The Humans by Matt Haig is one of those books that gets bracketed in with The Curious Incident of the Dog in the Night Time and The Rosie Project, all being told from the point of view of an outsider who doesn’t quite “get” society. In The Curious Incident and The Rosie Project, outsider status is bestowed by Asperger’s.
The Humans, follows an alien who has journeyed to Earth from a far off, mathematically advanced world, who has been sent to Earth on a mission. His first task is to killing and impersonate Cambridge Professor of Mathematics, Andrew Martin. But by becoming “Andrew”, our alien (the book is told from the first person, so he has no name) becomes gradually more and more affected by his life on earth among humans, especially now that he he has acquired a sweet wife and a troubled but well intentioned son, causing him to question the emotional detachment he has been brought up with.
I had a similar reaction to this book as I did with the Rosie project – I found the alien/autistic viewpoint a little slow to get into, as it’s necessarily distancing, but I subsequently found the gradual acclimatisation of the protagonist to his new life both amusing and touching.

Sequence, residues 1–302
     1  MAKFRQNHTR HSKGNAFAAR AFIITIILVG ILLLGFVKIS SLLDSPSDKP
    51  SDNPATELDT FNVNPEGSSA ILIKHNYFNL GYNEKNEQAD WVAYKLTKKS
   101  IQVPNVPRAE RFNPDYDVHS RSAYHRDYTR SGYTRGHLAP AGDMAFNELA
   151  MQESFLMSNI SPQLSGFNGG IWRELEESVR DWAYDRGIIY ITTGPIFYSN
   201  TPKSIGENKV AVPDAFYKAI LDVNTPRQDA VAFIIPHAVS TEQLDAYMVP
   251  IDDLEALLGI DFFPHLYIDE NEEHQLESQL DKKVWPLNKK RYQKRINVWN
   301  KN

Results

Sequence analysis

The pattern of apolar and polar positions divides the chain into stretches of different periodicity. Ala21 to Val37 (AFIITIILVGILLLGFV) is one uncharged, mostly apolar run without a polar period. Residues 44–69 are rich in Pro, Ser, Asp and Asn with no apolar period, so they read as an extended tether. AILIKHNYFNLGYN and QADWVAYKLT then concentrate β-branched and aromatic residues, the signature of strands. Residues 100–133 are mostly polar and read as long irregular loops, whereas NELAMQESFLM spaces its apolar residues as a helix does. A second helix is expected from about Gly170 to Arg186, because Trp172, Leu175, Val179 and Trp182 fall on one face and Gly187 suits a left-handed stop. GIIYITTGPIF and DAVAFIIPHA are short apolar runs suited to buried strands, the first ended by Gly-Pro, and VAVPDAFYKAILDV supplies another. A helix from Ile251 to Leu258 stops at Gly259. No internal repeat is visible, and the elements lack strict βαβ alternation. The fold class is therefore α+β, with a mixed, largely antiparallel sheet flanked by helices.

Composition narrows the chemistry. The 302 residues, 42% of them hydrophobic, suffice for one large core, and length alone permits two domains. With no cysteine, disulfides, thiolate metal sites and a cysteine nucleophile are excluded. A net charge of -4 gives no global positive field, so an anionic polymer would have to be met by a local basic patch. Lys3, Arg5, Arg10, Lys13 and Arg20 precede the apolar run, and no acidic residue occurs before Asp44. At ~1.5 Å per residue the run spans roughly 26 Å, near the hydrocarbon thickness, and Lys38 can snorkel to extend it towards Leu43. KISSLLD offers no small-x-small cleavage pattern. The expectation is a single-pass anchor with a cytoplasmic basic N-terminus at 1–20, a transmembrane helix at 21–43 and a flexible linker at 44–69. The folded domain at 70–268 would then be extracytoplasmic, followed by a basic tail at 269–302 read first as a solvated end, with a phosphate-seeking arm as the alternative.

It’s not a deep or a serious read in either a mathematical or a literary sense, but is very enjoyable in both. I was very taken by the mathematical jokes and had to read them out to the other two mathematicians in our data crunching office. And I was going to offer it round, but one of our exam invigilators got there first – we all stick pictures of the cover and the blurb from the book we are reading on our doors, and this has a very appealing cover and blurb.
As well as enjoying the maths, I have to say that I also identify with the idea of being an alien, of not understanding what people desire from life. Although it makes for a funny read, I also felt for “Andrew” as he went around saying and doing the wrong thing and unintentionally hurting people
Thanks to Eva for the recommendation!